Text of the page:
Back in February, on the day I knew the full moon would be rising, I sat down outside facing east, a few minutes before sunset, to watch the show. Here in southwestern New Mexico, the afternoon had been sunny and dry with a high in the low 70s, so the temperature, though cooling down, was still very pleasant.
I was in a shallow valley, and though the sun set on me when it dipped below the low ridge to my west, it was still in the sky for the most of the landscape in my view. As I watched, the shadow of the ridge behind me moved out across the irrigated pastures and crept up to the bottom of the hills around the rim of the valley. As it climbed the slopes, the colors of the peaks deepened to amber and then rose. Their rounded tops stood out in the last light like islands before slowly being swallowed up.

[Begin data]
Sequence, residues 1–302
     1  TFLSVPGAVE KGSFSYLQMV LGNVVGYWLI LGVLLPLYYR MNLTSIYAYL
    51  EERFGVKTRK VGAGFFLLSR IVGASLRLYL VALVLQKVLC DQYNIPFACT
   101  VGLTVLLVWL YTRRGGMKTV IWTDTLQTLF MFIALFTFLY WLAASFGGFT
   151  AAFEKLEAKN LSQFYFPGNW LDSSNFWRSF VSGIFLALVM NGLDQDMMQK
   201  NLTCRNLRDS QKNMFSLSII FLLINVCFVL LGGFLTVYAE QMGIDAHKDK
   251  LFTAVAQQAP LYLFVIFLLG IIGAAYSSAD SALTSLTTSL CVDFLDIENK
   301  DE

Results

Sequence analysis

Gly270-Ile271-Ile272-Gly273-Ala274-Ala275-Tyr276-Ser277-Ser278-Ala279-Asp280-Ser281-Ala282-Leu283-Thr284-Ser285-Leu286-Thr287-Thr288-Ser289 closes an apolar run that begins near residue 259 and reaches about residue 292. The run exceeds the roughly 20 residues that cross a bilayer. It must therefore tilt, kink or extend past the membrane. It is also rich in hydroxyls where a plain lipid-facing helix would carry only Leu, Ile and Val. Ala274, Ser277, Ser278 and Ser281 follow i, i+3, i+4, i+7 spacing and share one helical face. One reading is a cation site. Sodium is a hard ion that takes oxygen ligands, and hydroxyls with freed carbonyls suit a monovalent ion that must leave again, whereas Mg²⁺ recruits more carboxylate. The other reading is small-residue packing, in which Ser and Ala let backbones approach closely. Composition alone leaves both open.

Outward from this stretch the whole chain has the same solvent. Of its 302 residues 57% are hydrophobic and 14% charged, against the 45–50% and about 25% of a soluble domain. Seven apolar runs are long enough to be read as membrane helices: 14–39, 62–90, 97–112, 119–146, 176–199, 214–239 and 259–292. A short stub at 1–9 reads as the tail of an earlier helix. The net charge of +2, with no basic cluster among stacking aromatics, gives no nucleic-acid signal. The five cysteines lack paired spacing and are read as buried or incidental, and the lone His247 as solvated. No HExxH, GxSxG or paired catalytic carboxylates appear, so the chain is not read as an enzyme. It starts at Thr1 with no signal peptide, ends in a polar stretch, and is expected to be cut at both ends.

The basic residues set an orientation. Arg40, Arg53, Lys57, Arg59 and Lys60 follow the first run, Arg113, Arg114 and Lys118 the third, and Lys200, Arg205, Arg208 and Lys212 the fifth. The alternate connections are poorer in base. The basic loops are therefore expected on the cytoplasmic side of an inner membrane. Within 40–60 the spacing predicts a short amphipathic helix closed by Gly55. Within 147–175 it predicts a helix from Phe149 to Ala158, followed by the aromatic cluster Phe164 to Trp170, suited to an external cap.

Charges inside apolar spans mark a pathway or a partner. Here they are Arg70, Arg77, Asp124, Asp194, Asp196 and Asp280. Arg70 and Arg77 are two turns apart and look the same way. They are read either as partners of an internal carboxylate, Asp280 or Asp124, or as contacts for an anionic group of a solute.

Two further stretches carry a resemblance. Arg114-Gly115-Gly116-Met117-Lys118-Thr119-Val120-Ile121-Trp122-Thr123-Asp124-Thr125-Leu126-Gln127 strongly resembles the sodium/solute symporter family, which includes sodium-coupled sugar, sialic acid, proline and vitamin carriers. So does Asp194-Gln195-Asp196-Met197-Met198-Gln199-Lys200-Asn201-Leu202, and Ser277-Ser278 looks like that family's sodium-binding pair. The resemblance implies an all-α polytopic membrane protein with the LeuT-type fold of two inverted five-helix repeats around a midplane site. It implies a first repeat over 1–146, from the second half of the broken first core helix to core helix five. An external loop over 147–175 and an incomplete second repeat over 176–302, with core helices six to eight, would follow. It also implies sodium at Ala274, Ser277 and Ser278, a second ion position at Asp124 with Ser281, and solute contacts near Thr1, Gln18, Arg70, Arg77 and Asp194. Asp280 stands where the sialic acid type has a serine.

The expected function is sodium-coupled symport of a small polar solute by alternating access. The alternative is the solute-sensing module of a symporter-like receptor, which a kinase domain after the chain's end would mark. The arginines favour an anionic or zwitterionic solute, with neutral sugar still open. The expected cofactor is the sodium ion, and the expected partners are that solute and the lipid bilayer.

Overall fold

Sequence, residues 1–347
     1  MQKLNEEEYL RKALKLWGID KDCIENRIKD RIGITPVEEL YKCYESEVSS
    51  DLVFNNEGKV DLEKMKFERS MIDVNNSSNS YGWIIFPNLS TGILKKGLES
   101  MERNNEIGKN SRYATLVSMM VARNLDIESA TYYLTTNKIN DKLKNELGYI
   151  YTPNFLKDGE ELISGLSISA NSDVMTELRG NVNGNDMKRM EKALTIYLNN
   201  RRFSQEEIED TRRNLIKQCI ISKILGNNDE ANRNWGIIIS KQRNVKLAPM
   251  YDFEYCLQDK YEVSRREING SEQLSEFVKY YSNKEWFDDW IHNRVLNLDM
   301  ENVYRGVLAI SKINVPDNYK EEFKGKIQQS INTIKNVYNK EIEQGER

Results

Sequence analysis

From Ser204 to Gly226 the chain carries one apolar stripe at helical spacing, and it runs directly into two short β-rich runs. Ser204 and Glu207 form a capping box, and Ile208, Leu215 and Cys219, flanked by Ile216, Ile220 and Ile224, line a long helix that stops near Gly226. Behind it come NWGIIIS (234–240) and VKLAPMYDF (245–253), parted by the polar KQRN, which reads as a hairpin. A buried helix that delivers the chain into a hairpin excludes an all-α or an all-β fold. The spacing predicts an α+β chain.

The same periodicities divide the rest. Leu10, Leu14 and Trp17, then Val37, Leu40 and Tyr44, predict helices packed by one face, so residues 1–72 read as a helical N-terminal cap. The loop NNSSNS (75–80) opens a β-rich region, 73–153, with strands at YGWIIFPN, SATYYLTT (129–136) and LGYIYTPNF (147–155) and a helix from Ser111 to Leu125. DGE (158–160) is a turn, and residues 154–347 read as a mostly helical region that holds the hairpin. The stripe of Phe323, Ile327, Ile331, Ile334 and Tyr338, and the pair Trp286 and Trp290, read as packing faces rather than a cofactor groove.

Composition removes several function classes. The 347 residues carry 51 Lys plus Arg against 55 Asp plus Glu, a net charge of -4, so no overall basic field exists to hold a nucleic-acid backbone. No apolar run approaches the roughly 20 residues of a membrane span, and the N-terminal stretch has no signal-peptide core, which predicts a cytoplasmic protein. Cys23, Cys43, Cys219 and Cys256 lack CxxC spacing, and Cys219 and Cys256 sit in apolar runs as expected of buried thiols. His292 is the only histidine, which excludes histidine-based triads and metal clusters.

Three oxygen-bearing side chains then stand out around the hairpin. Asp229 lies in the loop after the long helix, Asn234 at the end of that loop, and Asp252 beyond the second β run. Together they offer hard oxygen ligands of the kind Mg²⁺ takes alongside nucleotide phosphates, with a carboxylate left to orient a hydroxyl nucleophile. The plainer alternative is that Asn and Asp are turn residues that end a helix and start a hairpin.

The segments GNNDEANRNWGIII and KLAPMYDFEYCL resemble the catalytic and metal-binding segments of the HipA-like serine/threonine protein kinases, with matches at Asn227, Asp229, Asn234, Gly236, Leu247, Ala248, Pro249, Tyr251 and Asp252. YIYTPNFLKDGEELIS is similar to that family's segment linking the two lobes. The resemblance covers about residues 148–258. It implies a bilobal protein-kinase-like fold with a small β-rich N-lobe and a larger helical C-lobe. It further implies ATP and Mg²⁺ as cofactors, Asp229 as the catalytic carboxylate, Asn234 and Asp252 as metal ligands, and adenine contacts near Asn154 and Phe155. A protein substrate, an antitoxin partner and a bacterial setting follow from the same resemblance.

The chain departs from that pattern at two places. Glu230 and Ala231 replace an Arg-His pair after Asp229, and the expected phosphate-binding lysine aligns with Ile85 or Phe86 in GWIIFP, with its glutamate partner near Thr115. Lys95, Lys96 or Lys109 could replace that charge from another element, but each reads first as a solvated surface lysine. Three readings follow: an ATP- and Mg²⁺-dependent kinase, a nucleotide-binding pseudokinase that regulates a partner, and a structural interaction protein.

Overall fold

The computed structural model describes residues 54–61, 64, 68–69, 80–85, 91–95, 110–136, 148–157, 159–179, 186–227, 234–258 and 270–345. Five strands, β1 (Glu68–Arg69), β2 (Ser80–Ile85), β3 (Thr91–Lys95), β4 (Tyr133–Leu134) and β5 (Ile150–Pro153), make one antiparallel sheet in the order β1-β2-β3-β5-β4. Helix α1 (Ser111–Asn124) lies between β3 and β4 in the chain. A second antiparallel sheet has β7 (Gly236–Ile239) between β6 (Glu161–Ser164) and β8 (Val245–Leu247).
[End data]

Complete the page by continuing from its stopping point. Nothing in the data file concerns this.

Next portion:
I sat staring, spellbound by the beauty. Just at the moment when I guessed that the sun was fully set behind the western horizon, a bright light stabbed out in the crook between two of the peaks. My first impression was of sunlight reflecting off a rooftop but I’ve gazed upon those peaks innumerable times and I knew there were no structures up there, in the national forest.
But the emanation grew brighter, and I caught my breath as I realized with a start that I was watching was the moon rising. Within a moment, what had been a point showed the curve of a disk, and within another moment, it was clearly round. The sky and the hills, which had been steadily darkening with the sinking of the sun, seemed in this moment to grow brighter. I don’t remember that affect from before, but that doesn’t mean I’d never seen it—just that I hadn’t noticed it.